Full Disclosure: I didn't realize this was the second book in the series when I decided to read and review it. So perhaps I might have missed a bit of relationship building (okay, I missed a lot) and some background information that it might have been handy to know (sure, I was confused a few times). But for all that, Invisible is a rollicking good story that kept me swept up and reading, figuring out what was going on and keeping me intrigued enough to want to know more.

Joy Malone is involved with a Scribe from The Twixt, the enchanted world humans know nothing about but co-exists alongside ours. Joy has the Sight, which is normally a condition that means blinding by the Twixt, but apparently she's done things in the past that have saved her and others and resulted in her relationship with Ink, the hunky, hot, not- human Scribe. She is also friends with his sister Inq, and on good terms with a giant frog-like Bailiwick known as Graus Claude. Joy has ignited the wrath of The Tide, and they have defied an Edict of Protection by sending a lethal Red Knight to kill her. While evading the Knight, Joy becomes involved with a) a side business with the Bailiwick which puts her at risk, b) the Cabana Boys and a Den of Iniquity, c) her brother's strange behavior, and d) a wizard. When Joy's best friend Monica gets hurt during one of Joy's encounters, Joy risks her life and her relationship with Ink.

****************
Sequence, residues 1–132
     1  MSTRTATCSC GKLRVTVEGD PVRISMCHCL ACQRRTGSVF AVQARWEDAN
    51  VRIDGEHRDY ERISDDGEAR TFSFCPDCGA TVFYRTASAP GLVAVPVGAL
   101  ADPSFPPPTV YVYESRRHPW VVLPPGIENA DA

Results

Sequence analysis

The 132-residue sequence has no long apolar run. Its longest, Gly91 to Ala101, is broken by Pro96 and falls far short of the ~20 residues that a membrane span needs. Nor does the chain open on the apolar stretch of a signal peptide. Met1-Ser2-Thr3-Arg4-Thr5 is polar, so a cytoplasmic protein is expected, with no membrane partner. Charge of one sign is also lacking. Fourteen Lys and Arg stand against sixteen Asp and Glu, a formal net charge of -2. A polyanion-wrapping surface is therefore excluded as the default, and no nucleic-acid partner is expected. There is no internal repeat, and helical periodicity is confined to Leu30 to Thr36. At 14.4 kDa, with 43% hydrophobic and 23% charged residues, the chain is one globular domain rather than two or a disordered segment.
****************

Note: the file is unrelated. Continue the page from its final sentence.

I really enjoyed this story, even if I didn't understand all the references to the first book in the series. Still, the author does an excellent job of world and character building, even if Joy at times acts rashly and a bit immaturely. But she is always loyal and brave, and above all, determined. Biggest gripes? I don't need to know what each of the Bailiwick's hands is doing every time we see him, and Ink comes off as wooden way too often (even if he is just learning to experience human emotion). But I'm in! I'm on board for the next book in the series and feel certain the first book must be just as engaging as this one since we know that the second books in trilogies often suffer from slow plot and pacing. Fun story and well worth the read.


Friday, October 10, 2014

The Reapers Are The Angels

How to describe The Angels Are the Reapers? Sure, it's a zombie story, but it's so different than most other books with that theme that it's hard to know precisely what to say. I finished the book a few days ago and I'm still digesting the story, and I imagine I'll still be thinking about it long after I finish this review.